Our hotel is located on the Pest side of the river, and so we spent the day walking the hill for which it is noted. We took a bus to the top and were amazed with the great transformation of the area since we were here about twelve years ago. Refurbishment had made everything appealing and clean. When we came to spend a week here years ago, Hungary was just being discovered again after years under the communist shadow. It has now definitely been discovered.
We spent major time around St. Matthias Church, the historic church of Budapest. Founded by King Saint Stephen in 1015, it has seen much destruction and renewal as the Mongolian hordes destroyed the city in the 1200s and later, in the 1500s, when the Turkish invasion turned the church into a mosque. The Muslims whitewashed the walls and destroyed most imagery, but walled up the Madonna statue, the Virgin Mary. It was forgotten until the Christian forces assaulted the hill in an effort to retake the city in 1686. As the Muslim leadership assembled in prayer, a powder arsenal accidentally exploded and shook the mosque so hard the wall crumbled, exposing the Madonna to the astonished praying Muslim Turks. That night, the hill fell back into Hungarian hands and the church reclaimed its heritage. Later, the church was badly damaged in both world wars, and then the Soviets turned it into a military vehicle storage facility and stable. The target of a terrorist bomb attack in the late 1990s by unknown assailants damaged some of the priceless stained glass windows. In spite of all these trials, today the church is a marvel of Art Nouveau style. It houses many treasures of the Hungarian heritage and is a testament to the Hungarian spirit.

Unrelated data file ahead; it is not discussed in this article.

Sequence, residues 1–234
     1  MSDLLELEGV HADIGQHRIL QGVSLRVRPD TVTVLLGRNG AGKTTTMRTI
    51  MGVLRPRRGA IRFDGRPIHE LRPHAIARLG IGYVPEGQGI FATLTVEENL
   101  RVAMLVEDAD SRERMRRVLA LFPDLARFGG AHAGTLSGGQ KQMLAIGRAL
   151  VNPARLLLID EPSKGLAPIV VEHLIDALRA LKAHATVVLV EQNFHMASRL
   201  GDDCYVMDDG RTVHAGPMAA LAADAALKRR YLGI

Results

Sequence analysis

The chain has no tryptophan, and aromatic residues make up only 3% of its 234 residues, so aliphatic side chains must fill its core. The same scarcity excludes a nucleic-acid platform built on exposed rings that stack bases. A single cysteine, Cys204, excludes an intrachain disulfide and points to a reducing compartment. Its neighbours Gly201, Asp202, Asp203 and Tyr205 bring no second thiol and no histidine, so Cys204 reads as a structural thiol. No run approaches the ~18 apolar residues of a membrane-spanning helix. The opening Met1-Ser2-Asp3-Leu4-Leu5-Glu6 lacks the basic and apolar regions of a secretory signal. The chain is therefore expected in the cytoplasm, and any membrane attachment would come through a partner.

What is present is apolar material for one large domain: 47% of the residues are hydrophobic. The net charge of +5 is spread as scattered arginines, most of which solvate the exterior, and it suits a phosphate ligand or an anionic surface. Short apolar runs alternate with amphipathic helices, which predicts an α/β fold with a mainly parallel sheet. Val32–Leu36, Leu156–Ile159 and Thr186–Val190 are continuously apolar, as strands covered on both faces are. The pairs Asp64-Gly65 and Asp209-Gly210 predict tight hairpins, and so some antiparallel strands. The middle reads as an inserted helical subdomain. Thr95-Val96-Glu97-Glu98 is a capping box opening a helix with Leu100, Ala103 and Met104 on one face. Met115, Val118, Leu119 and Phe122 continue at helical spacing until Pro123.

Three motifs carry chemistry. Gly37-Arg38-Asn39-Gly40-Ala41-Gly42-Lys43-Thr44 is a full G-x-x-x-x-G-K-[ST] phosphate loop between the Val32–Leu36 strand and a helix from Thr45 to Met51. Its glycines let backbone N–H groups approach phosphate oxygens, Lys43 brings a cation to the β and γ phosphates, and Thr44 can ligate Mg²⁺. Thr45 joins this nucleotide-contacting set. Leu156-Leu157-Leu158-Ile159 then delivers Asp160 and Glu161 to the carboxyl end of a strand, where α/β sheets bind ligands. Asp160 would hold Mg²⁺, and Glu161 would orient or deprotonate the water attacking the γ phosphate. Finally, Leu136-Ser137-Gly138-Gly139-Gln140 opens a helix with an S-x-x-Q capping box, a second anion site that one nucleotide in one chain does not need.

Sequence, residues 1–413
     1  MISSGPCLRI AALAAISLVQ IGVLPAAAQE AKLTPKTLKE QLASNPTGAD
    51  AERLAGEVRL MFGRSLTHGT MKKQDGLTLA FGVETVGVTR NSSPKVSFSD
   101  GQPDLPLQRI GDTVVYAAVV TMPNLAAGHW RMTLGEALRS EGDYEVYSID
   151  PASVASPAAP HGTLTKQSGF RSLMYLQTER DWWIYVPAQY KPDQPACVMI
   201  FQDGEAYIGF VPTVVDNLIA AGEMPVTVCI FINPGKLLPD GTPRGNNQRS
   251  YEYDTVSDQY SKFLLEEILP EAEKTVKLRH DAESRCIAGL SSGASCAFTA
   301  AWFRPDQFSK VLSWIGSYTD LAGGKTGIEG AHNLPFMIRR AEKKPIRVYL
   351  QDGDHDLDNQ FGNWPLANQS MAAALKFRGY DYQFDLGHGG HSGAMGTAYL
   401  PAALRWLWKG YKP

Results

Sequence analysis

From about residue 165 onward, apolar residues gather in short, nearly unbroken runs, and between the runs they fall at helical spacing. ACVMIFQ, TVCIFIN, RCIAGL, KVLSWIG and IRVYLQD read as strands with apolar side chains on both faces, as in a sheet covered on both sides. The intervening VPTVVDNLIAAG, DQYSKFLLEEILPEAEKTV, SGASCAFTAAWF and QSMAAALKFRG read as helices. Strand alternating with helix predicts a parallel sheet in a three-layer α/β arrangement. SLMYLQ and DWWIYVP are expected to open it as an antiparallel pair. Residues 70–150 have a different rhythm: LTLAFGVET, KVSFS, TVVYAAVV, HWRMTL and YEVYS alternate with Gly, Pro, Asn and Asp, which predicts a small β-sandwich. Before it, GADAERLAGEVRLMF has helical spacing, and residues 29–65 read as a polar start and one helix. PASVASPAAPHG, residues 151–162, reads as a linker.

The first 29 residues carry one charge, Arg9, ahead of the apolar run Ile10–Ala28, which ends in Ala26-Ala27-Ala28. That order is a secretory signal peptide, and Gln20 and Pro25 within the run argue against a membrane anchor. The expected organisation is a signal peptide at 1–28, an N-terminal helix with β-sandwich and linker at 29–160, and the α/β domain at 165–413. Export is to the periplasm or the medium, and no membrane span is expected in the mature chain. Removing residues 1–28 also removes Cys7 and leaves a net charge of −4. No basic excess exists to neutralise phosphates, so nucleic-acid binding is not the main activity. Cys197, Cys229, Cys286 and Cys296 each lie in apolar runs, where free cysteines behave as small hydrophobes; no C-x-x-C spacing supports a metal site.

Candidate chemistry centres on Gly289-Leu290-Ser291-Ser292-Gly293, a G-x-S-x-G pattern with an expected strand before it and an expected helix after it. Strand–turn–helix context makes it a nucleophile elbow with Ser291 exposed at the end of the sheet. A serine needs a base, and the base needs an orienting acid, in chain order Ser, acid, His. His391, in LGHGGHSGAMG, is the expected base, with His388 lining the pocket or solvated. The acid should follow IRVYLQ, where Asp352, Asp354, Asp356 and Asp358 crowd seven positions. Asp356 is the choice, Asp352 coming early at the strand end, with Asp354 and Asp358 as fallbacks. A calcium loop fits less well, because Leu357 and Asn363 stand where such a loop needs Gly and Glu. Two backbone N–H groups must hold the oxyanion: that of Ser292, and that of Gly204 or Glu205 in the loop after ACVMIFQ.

We walked to the Fishermen’s Bastion with its white stone buildings and beautiful monuments. The scenes from its terrace over the Danube give unforgettable views of the Hungarian Parliament building with its iconic red tiled roof and majestic spires standing out in regal beauty on the Buda side of the river. Then, we walked to the massive palace that gives the hill its name, “Castle Hill.” It has impressive statues and flower plantings.
After some shopping, we got on the bus for the trip back down the hill where we spent a long relaxing meal time in a “cave” room with vaulted ceiling and stained glass windows of a great restaurant near our hotel. WEG – September 30, 2015